Did you ever get stuck in shaving hell? That’s where something goes wrong with your shave and you just can’t figure out what’s causing it. I unwittingly entered that state this past late summer and it took a while to fix the problem.
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My shaves were going well. I was using mainstream gear–a Merkur 34c razor with Kai blades–and the resulting shaves were good. Apart from occasional nicks on skin imperfections and a few bumps under the jawline near my ears, the shaves were clean and free from irritation.
But like many shaving fans I enjoy checking out new items in search of the elusive perfect shave. For me, this included getting a new Merkur Progress adjustable razor, a new blade sampler kit and a new cream that I wanted to try. The three items arrived around the same time so I decided to try them for the first time on the same day. The first pass went fine. The razor setting wasn’t too harsh, the blade cut well and the cream, which was perfumed but not obnoxious, worked as expected. The second pass also looked good. A little razor burn indicated I should reduce the razor’s setting, but my face was cleanly shaved with no apparent problems.
But as I rinsed off the cream’s residue, about a dozen nasty little red bumps became visible on both sides of my neck. What was this? In almost 50 years of shaving I never had bumps like these except a couple under my rear jawline and now it looked like a swarm of mosquitoes had attacked me. The bumps weren’t bleeding and I didn’t think ingrown hair problems could develop instantaneously, so I didn’t know what caused the marks.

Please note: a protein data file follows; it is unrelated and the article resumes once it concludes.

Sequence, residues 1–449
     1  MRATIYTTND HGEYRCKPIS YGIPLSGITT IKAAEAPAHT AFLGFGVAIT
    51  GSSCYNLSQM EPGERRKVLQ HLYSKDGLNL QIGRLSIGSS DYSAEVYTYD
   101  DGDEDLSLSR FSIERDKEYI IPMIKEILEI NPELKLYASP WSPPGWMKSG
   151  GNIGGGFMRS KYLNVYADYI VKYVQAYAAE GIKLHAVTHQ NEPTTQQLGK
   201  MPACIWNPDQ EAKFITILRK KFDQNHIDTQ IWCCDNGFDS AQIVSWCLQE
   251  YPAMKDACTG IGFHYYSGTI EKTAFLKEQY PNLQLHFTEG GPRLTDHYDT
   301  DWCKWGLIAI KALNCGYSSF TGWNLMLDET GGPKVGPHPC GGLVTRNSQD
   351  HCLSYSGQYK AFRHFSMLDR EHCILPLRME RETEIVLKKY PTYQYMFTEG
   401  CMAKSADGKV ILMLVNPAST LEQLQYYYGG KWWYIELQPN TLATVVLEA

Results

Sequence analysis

It took almost a month to make good progress and clear most of my neck. Here are some suggestions based on that experience that I hope will help you get back on track more quickly if your shave goes wrong.
Make one change at a time
If you want to experiment with any part of your shaving routine, think of your face as a science experiment and start with small changes. Introduce just one variation–a new blade or new razor but not both together, for instance–and limit the change to one part of your face or neck, if possible. That way if the change backfires, you’ll know the cause and limit the damage. (You’ll look funny if just one-half of your face is botched up, but at least you’ll recover more quickly.) Don’t introduce multiple changes simultaneously because that makes it much more difficult to identify the problem’s source.
Give it a rest
If you do develop a problem, consider modifying your routine until you figure out the cause. For instance, If you must shave over an irritated area, consider using a milder razor than usual if you have one available. My razors range from very mild to adjustable and the double-edge razors all nicked the bumps. By switching to the very mild OneBlade CORE razor while the irritation was healing, I was able to shave the area without making the bumps worse.
Giving your problem areas one- or two-day rests between shaves is another option if your circumstances permit. It makes for some ugly neck stubble, but I’ve found that resting my neck speeds the healing. When the itch gets unbearable or you have to face the world again, shave the trouble spots as gently as possible. I still follow the advice that Mark (Mantic59) shared in this article and aggressively treat the bumps but keeping the razor off them completely for a few days helped a lot. Not shaving for a short period also maps the beard’s grain more clearly to reduce the likelihood of future problems.